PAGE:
If you haven't yet read Agatha Raisin and the Wizard of Evesham, you should read that book before starting this one. There's a continuity of story line that adds to the appeal of Agatha Raisin and the Witch of Wyckhadden.
At the end of Agatha Raisin and the Wizard of Evesham, Agatha is having the ultimate bad hair day as she has lost most of hers. Not wanting her former fiancé, James Lacey, to see her looking like that, Agatha flees Carsely for a spot on the south coast of England in Wyckhadden during winter. She soon finds that neither the weather nor the wintry attitudes of her fellow guests at the Garden Hotel suit her fancy. With her hair firmly covered by a wig and scarves, Agatha does venture out when a nice-looking man invites her dancing.
Concerned about her hair, Agatha is soon persuaded to visit the local witch, who offers many remedies that often seem to work. Having bought some hair potion, Agatha decides it won't hurt to buy a bottle of love potion while she's there.
Pretty soon, Agatha's hair is growing in again, she seems to be having success with the love potion, but Wyckhadden and its residents are getting on her nerves. Uncharacteristically erratic, Agatha gets into lots of trouble by lying to the police . . . which causes great problems when dead bodies start turning up. No one takes her very seriously as a sleuth, and even Agatha begins to suspect that she's no more than a pushy blunderer whose ineptness triggers violent solutions to crimes.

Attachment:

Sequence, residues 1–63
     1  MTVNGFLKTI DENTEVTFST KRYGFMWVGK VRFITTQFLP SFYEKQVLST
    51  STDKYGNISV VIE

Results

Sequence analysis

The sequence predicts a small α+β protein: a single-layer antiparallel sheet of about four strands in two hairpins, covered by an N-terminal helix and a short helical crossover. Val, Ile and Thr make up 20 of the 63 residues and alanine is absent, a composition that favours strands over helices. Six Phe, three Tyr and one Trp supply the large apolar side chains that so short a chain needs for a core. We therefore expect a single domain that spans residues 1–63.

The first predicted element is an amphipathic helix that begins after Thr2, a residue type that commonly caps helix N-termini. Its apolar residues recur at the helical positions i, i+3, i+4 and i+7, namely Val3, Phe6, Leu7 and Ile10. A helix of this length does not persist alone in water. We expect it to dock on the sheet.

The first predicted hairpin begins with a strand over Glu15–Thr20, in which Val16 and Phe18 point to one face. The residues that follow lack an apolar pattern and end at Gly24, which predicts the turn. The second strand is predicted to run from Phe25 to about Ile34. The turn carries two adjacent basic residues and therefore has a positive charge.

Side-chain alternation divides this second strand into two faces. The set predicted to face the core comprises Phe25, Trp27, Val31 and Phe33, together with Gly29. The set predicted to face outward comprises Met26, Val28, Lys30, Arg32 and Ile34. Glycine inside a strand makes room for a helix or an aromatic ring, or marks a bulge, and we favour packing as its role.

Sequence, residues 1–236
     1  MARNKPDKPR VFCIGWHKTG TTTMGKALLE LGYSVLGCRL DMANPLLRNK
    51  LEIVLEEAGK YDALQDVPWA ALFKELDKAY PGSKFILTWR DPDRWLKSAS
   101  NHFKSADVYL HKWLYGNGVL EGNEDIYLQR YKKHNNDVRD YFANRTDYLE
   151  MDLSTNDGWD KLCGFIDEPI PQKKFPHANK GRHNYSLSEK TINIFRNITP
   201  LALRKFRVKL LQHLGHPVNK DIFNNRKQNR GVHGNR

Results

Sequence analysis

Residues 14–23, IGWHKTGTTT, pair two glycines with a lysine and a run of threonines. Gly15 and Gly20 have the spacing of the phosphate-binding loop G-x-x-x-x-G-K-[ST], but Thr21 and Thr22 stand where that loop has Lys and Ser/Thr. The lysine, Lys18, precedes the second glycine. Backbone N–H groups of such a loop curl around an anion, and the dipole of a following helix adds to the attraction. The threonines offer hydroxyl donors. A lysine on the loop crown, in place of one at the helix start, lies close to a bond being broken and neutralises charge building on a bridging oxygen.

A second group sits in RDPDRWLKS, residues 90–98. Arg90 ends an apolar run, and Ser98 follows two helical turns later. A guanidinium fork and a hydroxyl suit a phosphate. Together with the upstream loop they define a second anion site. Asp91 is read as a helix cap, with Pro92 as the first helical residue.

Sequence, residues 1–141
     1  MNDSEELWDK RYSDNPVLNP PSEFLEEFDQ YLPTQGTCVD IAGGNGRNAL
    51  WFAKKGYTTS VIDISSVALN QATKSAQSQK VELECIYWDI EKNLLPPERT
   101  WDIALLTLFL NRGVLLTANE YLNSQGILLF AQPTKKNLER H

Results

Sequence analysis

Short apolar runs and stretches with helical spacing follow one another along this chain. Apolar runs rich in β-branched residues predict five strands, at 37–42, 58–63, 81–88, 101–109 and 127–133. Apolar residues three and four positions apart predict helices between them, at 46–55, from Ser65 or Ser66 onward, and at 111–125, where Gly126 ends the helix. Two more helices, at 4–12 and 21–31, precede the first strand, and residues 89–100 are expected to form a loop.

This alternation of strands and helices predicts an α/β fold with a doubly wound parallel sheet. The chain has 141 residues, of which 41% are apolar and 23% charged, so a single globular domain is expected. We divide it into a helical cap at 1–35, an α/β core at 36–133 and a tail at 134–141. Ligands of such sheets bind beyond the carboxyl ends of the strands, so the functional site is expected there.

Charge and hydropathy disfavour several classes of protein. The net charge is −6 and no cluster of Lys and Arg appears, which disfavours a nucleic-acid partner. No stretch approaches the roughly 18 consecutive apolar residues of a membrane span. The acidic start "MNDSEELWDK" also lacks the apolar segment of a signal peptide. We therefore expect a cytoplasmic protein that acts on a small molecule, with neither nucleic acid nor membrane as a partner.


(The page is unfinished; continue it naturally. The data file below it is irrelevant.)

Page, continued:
In this book, M. C. Beaton is determined to convince readers that Agatha's many fears (of aging, being alone, losing James Lacey, not being the center of attention, losing a friend, and not having something to do) are destroying her chances for happiness. I think you'll agree with M. C. Beaton.
But Agatha's self-sabotaging behavior gets to be more than a little annoying in this book, making Agatha Raisin and the Witch of Wyckhadden one of the weakest entries in this generally entertaining series. Unless you feel compelled to read all of the novels in this series, you could certainly skip this one. You probably won't find the plot to be all that interesting; the new characters among the suspects and victims aren't likely to enlist your sympathy; and the mysteries aren't particularly rewarding either.